I was given an assignment to complete on database, i have created on but crashes after executing once, check it friends and please help, if you can modify or make it way, i'll be graceful.

Please find the coding in attachment section. thanks hope will get good response

WaltP commented: Why is this a poll? Please don't abuse the forum features like this. -3

Recommended Answers

You should have made a discussion thread not a poll.

Jump to Post

All 2 Replies

You should have made a discussion thread not a poll.

Line 48 of function_definition.cpp: When you allocate new storage for a C-style string (char*), you need to add the null-termination character. This means you need to allocate one more char than what is given by strlen(tName) . The same goes for line 663 (in function SaveToFile). As so:

Ptr->Name = new char[strlen(tName)+1];
strcpy(Ptr->Name, tName);
Ptr->Name[strlen(tName)] = '\0'; //set the null-termination character.

In function AddTo_End(), make sure that the Next pointer in NewNode is NULL (better be cautious when there are unknown bugs, even if setting NewNode->Next = NULL; might be redundant after all). The same pretty much holds for AddBefore_InBetween() (but I'm not sure what this function does, similarly, AddAfter_InBetween() is weird, it doesn't seem to actually add a node to the linked-list). Remember that you have no constructor for the Node struct, so it means that the value of Next in a newly created Node could be anything (a "garbage value"), so it needs to be set to NULL explicitly (at least somewhere).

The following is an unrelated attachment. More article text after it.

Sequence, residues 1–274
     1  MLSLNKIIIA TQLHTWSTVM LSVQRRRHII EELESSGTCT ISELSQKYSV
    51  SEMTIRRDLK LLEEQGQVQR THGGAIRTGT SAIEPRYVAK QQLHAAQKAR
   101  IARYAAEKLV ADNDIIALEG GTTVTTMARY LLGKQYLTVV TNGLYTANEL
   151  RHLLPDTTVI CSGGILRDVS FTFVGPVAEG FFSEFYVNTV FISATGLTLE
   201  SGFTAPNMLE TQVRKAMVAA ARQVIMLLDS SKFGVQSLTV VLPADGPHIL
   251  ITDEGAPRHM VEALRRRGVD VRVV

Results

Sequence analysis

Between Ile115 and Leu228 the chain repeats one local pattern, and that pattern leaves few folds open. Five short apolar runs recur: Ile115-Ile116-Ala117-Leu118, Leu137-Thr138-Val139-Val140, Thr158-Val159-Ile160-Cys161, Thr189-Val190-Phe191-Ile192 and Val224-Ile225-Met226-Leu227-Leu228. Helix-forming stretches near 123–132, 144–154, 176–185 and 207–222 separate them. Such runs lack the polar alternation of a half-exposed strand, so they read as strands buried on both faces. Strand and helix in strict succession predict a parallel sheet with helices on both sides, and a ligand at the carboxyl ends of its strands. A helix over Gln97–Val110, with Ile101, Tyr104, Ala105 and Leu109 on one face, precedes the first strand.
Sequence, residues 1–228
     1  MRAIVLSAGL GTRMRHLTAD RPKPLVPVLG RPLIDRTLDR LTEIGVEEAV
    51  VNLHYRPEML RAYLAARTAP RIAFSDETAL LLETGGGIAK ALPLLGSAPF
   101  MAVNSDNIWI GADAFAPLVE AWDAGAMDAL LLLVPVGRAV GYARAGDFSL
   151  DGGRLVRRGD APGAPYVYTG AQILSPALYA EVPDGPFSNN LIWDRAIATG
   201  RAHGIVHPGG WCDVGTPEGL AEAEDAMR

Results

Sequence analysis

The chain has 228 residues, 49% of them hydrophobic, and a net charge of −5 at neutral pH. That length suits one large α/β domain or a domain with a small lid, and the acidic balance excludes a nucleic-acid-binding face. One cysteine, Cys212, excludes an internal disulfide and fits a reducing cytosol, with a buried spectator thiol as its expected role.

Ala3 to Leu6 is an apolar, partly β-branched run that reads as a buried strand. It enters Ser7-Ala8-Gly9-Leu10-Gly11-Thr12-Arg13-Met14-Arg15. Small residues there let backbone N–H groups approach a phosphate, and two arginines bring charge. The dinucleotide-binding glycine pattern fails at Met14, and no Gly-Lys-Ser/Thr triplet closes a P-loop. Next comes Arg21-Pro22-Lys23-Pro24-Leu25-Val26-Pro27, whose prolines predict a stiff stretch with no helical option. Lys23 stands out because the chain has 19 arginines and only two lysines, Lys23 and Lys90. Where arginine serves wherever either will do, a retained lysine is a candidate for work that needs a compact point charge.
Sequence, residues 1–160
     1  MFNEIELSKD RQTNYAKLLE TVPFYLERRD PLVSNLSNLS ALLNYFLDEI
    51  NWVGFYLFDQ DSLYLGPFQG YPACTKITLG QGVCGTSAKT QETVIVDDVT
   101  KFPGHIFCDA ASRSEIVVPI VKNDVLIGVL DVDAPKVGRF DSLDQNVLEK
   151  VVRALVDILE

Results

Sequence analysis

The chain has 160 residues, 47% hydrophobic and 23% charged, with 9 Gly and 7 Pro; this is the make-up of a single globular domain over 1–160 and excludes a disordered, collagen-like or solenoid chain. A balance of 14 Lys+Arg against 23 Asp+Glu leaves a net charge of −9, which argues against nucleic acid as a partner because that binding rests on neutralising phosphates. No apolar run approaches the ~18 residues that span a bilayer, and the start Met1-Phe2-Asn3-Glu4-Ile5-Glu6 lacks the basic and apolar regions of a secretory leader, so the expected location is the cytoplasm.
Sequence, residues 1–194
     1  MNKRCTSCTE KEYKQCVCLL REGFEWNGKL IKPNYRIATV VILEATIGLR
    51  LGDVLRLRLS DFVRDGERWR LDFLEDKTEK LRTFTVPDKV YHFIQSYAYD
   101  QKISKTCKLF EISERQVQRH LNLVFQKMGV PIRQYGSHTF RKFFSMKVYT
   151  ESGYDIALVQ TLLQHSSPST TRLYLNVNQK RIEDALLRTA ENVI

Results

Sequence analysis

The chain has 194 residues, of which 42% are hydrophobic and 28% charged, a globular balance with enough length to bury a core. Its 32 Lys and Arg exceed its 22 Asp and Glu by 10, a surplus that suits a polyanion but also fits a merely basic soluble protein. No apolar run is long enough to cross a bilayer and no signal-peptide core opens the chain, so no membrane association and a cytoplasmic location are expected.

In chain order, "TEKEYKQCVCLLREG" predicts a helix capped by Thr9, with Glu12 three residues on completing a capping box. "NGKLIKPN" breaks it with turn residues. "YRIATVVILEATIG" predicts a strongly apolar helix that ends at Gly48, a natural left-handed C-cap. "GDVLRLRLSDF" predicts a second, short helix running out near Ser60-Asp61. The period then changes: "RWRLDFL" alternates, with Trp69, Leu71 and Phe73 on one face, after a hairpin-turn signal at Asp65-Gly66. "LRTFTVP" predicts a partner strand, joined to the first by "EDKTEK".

Be const-correct. This usually helps in pointing out silent bugs (like unintentional changes in values). For instance, in function Node* SearchBy_Name(char* tName) , you should take the parameter as const char*. There is no bug there, but making everything const-correct usually helps overall, as a good coding practice.

Although it is probably not a problem, I would usually be a bit more confortable with if(strcmp(tName,i->Name) == 0) as opposed to if(!strcmp(tName,i->Name)) , it is also more idiomatic.

In function DeleteFrom_Start(), you do not check if Head is valid (not NULL), that could crash your application (when checking Head->Next) if you do one call too many. Just take advantage of the short-circuit && operator:

if((Head) && (Head->Next)) //the second check will only occur if the first one passed.

The same goes for DeleteFrom_End().

In function DeleteIn_Between(), you don't check whether the "i" Node is NULL. Have you considered that maybe the Current Node is not part of the list, and thus, the iteration would reach the end before finding it. That would cause a crash with your implementation.

In MenuOperation(), you do a heck of a lot of cin.ignore(); cin.ignore(0); cin.clear(); cin.sync();. Doing that will not hurt, but those calls are so redundant. Just one cin.ignore() in between inputs should do the trick just fine.

There might be other stuff, but I can't go through everything. This should give you a pretty good start at wielding out the bug.


I'm guessing you are not allowed to do so, but if you are, I would highly recommend you use the C++ standard libraries for what you are trying to do. C++ has a std::string class (in #include <string>) which is much nicer to use than C-style strings. And C++ also provides an implementation of a linked-list, called std::list (in #include <list>). This will make your life so much easier, if you are allowed to use those.

Be a part of the DaniWeb community

We're a friendly, industry-focused community of developers, IT pros, digital marketers, and technology enthusiasts learning and sharing knowledge.